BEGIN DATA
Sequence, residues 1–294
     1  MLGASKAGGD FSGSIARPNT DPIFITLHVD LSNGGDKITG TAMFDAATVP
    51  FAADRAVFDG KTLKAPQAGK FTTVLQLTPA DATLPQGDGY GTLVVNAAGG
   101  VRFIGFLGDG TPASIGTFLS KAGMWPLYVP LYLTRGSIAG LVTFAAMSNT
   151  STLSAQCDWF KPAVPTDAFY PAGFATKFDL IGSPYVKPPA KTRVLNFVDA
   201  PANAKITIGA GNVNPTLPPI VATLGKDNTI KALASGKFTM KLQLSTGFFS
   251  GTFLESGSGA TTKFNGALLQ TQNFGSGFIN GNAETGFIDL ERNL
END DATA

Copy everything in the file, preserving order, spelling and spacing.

Sequence, residues 1–294
     1  MLGASKAGGD FSGSIARPNT DPIFITLHVD LSNGGDKITG TAMFDAATVP
    51  FAADRAVFDG KTLKAPQAGK FTTVLQLTPA DATLPQGDGY GTLVVNAAGG
   101  VRFIGFLGDG TPASIGTFLS KAGMWPLYVP LYLTRGSIAG LVTFAAMSNT
   151  STLSAQCDWF KPAVPTDAFY PAGFATKFDL IGSPYVKPPA KTRVLNFVDA
   201  PANAKITIGA GNVNPTLPPI VATLGKDNTI KALASGKFTM KLQLSTGFFS
   251  GTFLESGSGA TTKFNGALLQ TQNFGSGFIN GNAETGFIDL ERNL